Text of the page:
Because several genocides began in April or have a major anniversary in the month, many organizations and institutions around the world have set aside April to be a month of genocide awareness and action against genocide. Here are nine things you should know about genocide in the twentieth- and twenty-first centuries:
2. Article 2 of the Convention defines genocide as any of the following acts committed with intent to destroy, in whole or in part, a national, ethnic, racial or religious group:
(a) Killing its members;
(b) Causing serious bodily or mental harm to members of the group;
(c) Deliberately inflicting on the group conditions of life calculated to bring about its physical destruction in whole or in part;
(d) Imposing measures intended to prevent births within the group;
(e) Forcibly transferring children of the group to another group.
3. In what is widely considered the first genocide of the twentieth century, the Ottoman Empire subjected the Armenian people to deportation, expropriation, abduction, torture, massacre, and starvation during World War I. The genocide began on April 24, 1915, when the Turkish government arrested and executed several hundred Armenian intellectuals. A group of nationalists known as the “Young Turks” organized “killing squads” or “butcher battalions” to carry out, as one officer put it, “the liquidation of the Christian elements.” An estimated 1.5 million of the 2 million Armenians living in the Ottoman Empire died between 1915 and 1923.
4. On January 20, 1942, Hitler’s official plan for genocide was developed at the Wannsee Conference. Fifteen Nazi leaders, which included a number of state secretaries, senior officials, party leaders, SS officers, and other leaders of government departments, held the meeting to discuss plans for a “final solution to the Jewish question in Europe.” The most commonly cited figure for the total number of Jews killed is six million — around 78 percent of the 7.3 million Jews in occupied Europe at the time. Additionally, the Nazis murdered approximately two to three million Soviet POWs, two million ethnic Poles, up to 1,500,000 Romani, 200,000 handicapped, political and religious dissenters, 15,000 homosexuals, and 5,000 Jehovah's Witnesses, bringing the total genocide toll to around 11 million.
5. One of the most horrific genocides to occur after the signing of the Genocide Convention occurred in Cambodia between 1975 and 1979. During that time, about 1.5 million Cambodians out of a total population of 7 to 8 million died of starvation, execution, disease, or overwork because of Pol Pot and his communist Khmer Rouge movement. Pol Pot died in his sleep on April 15, 1998, due to heart failure. To date, a United Nations-backed tribunal has convicted only a handful of Khmer Rouge leaders of crimes against humanity.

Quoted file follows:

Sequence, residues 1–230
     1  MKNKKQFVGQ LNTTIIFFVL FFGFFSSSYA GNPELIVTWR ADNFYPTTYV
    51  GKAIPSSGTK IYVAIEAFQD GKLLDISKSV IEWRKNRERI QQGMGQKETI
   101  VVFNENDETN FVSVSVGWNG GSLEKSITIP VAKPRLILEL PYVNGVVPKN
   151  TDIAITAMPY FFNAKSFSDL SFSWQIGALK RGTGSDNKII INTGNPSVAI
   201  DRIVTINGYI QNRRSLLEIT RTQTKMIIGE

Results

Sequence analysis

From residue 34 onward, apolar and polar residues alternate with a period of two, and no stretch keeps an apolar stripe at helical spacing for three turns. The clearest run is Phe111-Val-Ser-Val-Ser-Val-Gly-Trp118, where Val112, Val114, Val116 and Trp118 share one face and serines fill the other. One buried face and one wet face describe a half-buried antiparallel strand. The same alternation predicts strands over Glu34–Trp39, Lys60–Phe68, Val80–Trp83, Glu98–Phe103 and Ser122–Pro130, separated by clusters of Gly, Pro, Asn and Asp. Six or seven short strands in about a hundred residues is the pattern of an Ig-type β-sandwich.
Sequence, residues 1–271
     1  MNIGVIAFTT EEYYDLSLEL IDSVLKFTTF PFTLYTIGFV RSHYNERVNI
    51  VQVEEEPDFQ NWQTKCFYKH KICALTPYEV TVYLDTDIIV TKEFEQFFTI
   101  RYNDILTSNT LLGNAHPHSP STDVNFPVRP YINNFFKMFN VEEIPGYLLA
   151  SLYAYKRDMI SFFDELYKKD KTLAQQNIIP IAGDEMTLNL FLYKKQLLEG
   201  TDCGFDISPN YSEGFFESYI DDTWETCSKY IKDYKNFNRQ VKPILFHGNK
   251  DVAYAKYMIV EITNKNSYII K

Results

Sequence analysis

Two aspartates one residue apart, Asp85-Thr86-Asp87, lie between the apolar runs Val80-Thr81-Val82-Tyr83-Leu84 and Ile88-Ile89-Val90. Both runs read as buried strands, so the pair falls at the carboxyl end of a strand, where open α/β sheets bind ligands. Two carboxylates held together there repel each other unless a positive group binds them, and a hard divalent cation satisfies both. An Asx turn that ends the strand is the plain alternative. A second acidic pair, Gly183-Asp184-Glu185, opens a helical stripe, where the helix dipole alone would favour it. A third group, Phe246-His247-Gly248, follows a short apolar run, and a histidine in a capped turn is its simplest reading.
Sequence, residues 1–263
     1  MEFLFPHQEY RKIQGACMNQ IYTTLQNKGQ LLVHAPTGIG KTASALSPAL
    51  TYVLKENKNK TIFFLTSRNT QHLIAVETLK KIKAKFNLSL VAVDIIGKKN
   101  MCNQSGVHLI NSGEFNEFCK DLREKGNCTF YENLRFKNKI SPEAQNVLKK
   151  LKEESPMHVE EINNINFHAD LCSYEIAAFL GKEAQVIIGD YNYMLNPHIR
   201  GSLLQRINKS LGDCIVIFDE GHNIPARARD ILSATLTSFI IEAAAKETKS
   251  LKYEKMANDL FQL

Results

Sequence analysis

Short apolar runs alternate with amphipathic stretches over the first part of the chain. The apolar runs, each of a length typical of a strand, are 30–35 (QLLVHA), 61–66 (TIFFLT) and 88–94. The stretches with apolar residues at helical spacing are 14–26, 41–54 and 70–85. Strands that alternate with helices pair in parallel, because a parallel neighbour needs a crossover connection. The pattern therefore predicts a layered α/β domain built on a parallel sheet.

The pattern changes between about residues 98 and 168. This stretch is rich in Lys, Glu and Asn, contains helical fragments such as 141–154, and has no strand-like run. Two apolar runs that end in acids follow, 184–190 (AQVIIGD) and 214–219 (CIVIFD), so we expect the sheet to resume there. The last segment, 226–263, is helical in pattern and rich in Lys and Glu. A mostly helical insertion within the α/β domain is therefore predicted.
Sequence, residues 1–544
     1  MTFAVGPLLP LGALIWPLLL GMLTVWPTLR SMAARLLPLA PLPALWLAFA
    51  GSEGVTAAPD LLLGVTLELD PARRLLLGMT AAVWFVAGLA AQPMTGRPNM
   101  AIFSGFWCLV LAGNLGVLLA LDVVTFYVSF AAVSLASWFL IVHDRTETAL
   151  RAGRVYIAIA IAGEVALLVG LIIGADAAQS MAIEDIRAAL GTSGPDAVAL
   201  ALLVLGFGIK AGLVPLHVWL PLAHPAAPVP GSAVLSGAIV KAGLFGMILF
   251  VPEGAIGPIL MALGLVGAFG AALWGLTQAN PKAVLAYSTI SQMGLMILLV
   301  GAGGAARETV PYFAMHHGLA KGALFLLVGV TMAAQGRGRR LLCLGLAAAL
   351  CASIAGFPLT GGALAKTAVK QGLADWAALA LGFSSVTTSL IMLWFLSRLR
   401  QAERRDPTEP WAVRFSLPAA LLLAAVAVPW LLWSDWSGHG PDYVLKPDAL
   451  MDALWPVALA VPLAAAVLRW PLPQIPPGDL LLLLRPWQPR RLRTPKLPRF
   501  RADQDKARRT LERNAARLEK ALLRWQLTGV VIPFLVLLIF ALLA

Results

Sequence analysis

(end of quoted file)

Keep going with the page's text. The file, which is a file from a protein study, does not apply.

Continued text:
6. The Rwandan Genocide was a genocidal mass slaughter of Tutsi and moderate Hutu in Rwanda by members of the Hutu majority. During the approximate 100-day period from April 7, 1994 to mid-July an estimated 800,000 Rwandans were killed, constituting as much as 20 percent of the country's total population and 70 percent of the Tutsi then living in Rwanda.The U.S. was reluctant to get involved in the “local conflict” in Rwanda and initially refused to label the killings as “genocide.” Then-president Bill Clinton later publicly regretted that decision in a television interview. Five years later, Clinton stated that he believed that if he had sent 5,000 U.S. peacekeepers, more than 500,000 lives could have been saved.
7. In 1998, the International Criminal Tribunal for Rwanda established the precedent that rape during warfare is a crime of genocide. In Rwanda, HIV-infected men had participated in the mass rape of Tutsi women. That same year the Tribunal also had the first genocide conviction when Jean Paul Akayesu, the Hutu mayor of the town, Taba, was convicted of genocide and crimes against humanity.
8. In 2002, an international treaty established the International Criminal Court (ICC) a universal response to past and present atrocities. The ICC is a treaty-based criminal court that can only try individuals for designated atrocity crimes. The ICC Is a permanent court, unlike the two ad hoc International Criminal Tribunals for the former Yugoslavia and Rwanda, that has the power under certain conditions to investigate and prosecute individuals accused of committing an atrocity crime within the ICC's jurisdiction after July 1, 2002. As of 6 January 2015, 123 states have ratified or acceded to the Rome Statute. (The U.S. has made it clear it will not ratify this treaty.)
9. In 2003, two rebel organizations took up arms against the government of Sudan. In response, the government unleashed Arab militias known as Janjaweed, or “devils on horseback”, which attacked hundreds of villages throughout Darfur. Over 400 villages were completely destroyed and millions of civilians were forced to flee their homes. The genocide in Darfur killed 480,000 and displaced over 2,500,000 people. In 2004, the U.S. Congress passed a resolution calling for unilateral or multinational action to stop the genocide in Darfur, Sudan.
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